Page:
6 pregnancy myths everyone believes

Do these old wives' tales have any truth to them?

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  • When my mom was pregnant with her fourth and last child, everyone told her she would be having a girl. Based on her cravings, the shape of her belly, and a ton of other signs, some people just knew she was pregnant with a girl.

  • But my mom knew she was having a boy.

  • It came as no surprise to my mother when she found out that she was, in fact, having a son. She couldn't explain how she knew; it was just a mother's instinct.

  • Everyone grows up believing a host of pregnancy "rules" and "standards". While some beliefs are valid, others are completely false. Here are six pregnancy myths that everyone believes:

  • 1. A pregnant mommy should eat for two

  • While it is true that pregnancy can often strike up cravings, you shouldn't be eating that much more than you would if you weren't pregnant. In fact, during your first trimester, you shouldn't be eating (or feeling the urge to eat) more than you normally do.

  • During your second trimester, you'll want to start eating 300-350 more calories a day. During the third trimester, you'll want about 500 extra calories a day. If you're carrying more than one baby, you'll want to include about 300 extra calories per baby, so an extra 600 for your twins.

  • It's perfectly normal (and expected) to gain weight during your pregnancy, but sticking to this regime will prevent you from gaining unnecessary weight.

  • 2. You can tell the sex of the baby by the shape of the bump

  • Some people believe that if a pregnant woman is carrying the baby up high (closer to her ribs), it means she's having a boy. If the woman is carrying the baby low (closer to the hips), it means she's having a boy.

  • Every woman's body is different, so the shape of the bump depends completely on the mother's shape, size and muscle tone, not the sex of your baby.

  • 3. Morning sickness means you're having a girl

  • Morning sickness is common in most pregnancies, regardless of the baby's sex. It's typically the first sign of pregnancy, and it's most common during the first 12 weeks of pregnancy.

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  • Morning sickness can be attributed to a wide variety ofhormonal changes a woman's body is processing through. Reduced blood sugar is another common cause of morning sickness. Other factors such as emotional stress, excessive fatigue and frequent traveling can exacerbate your morning sickness.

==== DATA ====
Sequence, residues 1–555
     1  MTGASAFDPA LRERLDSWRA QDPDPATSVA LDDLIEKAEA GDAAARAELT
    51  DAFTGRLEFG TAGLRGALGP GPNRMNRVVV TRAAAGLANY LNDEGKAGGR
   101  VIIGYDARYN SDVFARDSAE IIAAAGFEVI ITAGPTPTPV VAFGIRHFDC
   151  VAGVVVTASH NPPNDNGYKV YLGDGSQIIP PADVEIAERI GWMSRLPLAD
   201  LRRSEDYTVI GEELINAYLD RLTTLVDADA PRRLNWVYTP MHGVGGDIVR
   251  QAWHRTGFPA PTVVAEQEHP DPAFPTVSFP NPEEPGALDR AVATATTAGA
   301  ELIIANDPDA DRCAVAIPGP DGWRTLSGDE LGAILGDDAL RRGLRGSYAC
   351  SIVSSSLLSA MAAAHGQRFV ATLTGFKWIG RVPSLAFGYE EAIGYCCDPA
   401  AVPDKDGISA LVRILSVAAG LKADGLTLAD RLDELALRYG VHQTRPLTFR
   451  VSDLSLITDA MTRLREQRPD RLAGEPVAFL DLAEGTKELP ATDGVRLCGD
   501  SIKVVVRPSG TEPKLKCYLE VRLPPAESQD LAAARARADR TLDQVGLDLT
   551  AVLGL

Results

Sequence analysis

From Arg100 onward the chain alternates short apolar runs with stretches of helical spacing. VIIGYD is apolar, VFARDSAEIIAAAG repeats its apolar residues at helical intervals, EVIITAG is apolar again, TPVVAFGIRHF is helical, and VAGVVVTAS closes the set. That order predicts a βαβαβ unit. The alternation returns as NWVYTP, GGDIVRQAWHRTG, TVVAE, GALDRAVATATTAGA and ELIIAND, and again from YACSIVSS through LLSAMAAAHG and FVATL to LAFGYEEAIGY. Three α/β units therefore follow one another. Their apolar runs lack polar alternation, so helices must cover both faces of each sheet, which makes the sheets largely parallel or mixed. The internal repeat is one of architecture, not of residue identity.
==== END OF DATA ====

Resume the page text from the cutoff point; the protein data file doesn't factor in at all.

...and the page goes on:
• To help treat your morning sickness, be sure to drink lots of water, take naps and avoid fatty and spicy food.

  • 4. If you crave sweet foods, you're having a girl. If you crave savory foods, you're having a boy

  • Cravings are the body's response to mineral deficiencies, not your baby's gender. There's nothing wrong with indulging yourself a little bit during your pregnancy (you're growing a little human inside you - it's OK to treat yourself!), just be sure to avoid the things that can be harmful to your baby, like raw meat and unpasteurized milk.

  • 5. Pregnant mommies should skip the gym

  • Working out during your pregnancy actually has many benefits, including a quicker recovery after childbirth, fewer aches and pains during your pregnancy and fewer pounds of baby weight.

  • 6. There's an ideal pregnancy body type

  • It's normal for women to feel self-conscious when their jeans stop fitting and they start seeing stretch marks across the hips and belly. Remember that every single body is different, whether you're pregnant or not. You're perfect the way you are, and your body is doing a great job creating new life.

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  • No matter what body type you've got, you always wish it was somehow different. You baby loves you, your husband loves you, and it's time to love yourself.

  • How many of these myths did you believe? What are some other wives' tales that you've heard about pregnancies?

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Emily Brady is a member of the FamilyShare content team. She studied Communication with an emphasis in journalism. She loves photography and finding a good book to read in her hammock on a sunny, breezy day.

Website: https://emilyaftonbrady.wordpress.com/

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